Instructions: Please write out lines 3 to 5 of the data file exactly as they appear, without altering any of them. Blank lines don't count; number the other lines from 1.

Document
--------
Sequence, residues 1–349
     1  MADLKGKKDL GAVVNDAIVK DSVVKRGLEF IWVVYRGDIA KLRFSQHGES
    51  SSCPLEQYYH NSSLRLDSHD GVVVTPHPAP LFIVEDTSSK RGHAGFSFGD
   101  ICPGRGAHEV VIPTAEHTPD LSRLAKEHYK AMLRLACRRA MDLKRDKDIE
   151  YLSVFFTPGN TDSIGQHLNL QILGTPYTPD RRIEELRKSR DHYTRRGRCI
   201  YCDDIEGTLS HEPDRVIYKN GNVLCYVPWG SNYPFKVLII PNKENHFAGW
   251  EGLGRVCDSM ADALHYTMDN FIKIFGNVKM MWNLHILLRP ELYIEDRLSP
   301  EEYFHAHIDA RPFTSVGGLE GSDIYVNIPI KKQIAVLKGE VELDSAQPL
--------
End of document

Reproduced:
    51  SSCPLEQYYH NSSLRLDSHD GVVVTPHPAP LFIVEDTSSK RGHAGFSFGD
   101  ICPGRGAHEV VIPTAEHTPD LSRLAKEHYK AMLRLACRRA MDLKRDKDIE
   151  YLSVFFTPGN TDSIGQHLNL QILGTPYTPD RRIEELRKSR DHYTRRGRCI